Tampa Bay's individual numbers will also draw comparisons, the questions being whether a team that depends so much on a small number of players for scoring (Tampa's Steven Stamkos and Martin St. Louis being the only Lightning likely to top the 75-point mark), even more so than the Caps of last year, with their four 75-point scorers and three 30-plus goal scorers, can stand up to teams with deeper defenses in the playoffs.

It is hard to see Tampa Bay going far in the playoffs this season, any roster moves at the trading deadline notwithstanding. But if they do, Caps fans might be drinking themselves into a stupor all off season wondering whether the shift in philosophy was all that great an idea.

Today's Number -- "25"

The Washington Capitals have 25 games remaining in the regular season before the playoffs start – with the Caps or without them. This is the time of the regular season when teams that find their finishing kick are rewarded. For example, teams that go on to win a Stanley Cup use those last 25 games as a springboard to good things later in the spring. To illustrate the point, let’s take a look at the last 30 Stanley Cup winners, a group that spans several eras of hockey – the go-go 1980’s, the dead puck era of the mid-1990’s through the lockout, and the post-lockout period:

The first thing to notice is something simple. These teams win, regardless of the era in which they played. Of the 30 teams, only two managed to win fewer than ten of their remaining 25 games, and 22 of them won a majority of their remaining 25 games (13 or more).

Conversely, these teams didn’t lose, or at least didn’t let standings points get away. Of the group, 23 lost fewer than ten games in regulation; eight of them lost five or fewer games.

In 30 years, only twice have teams going on to win the Stanley Cup finished their last 25 regular season games earning fewer than half the standings points available, only once in the last 23 years. Nineteen of those 30 teams secured at least 60 percent of the standings points available to them.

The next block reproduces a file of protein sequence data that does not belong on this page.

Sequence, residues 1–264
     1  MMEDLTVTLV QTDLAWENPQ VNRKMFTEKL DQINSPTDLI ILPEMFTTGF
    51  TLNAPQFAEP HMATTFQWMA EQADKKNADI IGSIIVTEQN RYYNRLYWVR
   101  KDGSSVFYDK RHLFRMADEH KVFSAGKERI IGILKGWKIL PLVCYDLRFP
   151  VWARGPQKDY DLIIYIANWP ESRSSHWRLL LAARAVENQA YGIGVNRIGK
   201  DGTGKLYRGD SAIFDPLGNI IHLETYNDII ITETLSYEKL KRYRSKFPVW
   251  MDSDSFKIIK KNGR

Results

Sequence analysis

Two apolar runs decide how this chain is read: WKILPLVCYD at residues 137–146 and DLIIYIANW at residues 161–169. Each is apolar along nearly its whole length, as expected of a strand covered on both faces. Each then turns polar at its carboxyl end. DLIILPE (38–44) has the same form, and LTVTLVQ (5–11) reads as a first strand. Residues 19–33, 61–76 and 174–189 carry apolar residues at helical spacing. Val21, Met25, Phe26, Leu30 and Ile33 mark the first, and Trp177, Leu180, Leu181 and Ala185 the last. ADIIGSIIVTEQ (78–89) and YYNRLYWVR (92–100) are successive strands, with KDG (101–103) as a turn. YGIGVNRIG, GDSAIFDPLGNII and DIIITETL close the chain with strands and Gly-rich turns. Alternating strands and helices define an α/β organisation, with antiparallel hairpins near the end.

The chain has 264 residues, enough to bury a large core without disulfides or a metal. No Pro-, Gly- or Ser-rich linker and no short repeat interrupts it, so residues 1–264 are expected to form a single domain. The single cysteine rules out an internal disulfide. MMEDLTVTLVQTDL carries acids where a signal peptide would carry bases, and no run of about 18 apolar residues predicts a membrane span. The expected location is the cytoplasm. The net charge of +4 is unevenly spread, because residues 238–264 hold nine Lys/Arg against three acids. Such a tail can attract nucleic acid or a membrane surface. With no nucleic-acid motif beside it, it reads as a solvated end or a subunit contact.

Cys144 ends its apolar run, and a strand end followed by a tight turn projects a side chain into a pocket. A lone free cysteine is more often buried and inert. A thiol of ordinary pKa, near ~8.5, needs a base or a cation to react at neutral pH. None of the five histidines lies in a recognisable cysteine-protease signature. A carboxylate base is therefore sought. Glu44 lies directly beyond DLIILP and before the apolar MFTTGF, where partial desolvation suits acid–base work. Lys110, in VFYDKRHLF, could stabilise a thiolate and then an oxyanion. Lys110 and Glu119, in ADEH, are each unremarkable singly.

Playing winning hockey as the season draws to a close is by no means a guarantee of post season success. Many teams might do well, but only one wins a Cup. In fact, last season the Caps played their last 25 games to a 15-3-7 record (37 points, a .740 winning percentage), and it didn’t do them much good in the post season. But teams don’t “flip a switch” going into the playoffs and win a Cup. They show themselves to be playing winning hockey well before that first puck drops in the post-season, at least those clubs that hoist the Cup in the end. If anyone thinks this team – or any team, for that matter – is going to be able to coast into the playoffs and suddenly find their stride, they have another think coming.

A NO-point night -- Game 57: Coyotes 3 - Caps 2

One would like to say that the Caps made progress last night. There were things to point to…

-- They generated five power play chances
-- They had 69 shot attempts
-- They scored first (only the 25th time in 57 games)
-- They got ten shots on goal from their top line (27 total attempts)
-- They held their opponent to 34 shot attempts, only 18 of them on goal
-- They won 40 of 75 draws
-- They had only seven turnovers

It didn’t matter, though, as the Caps dropped another one, a 3-2 loss to the Phoenix Coyotes. For all the good things the Caps might have done in this game, the contest came down to what Phoenix did – got fine goaltending, to a point (we’ll get back to that), and they blocked a lot of shot attempts (the Coyotes had more blocked shots (20) than they had shots themselves (18).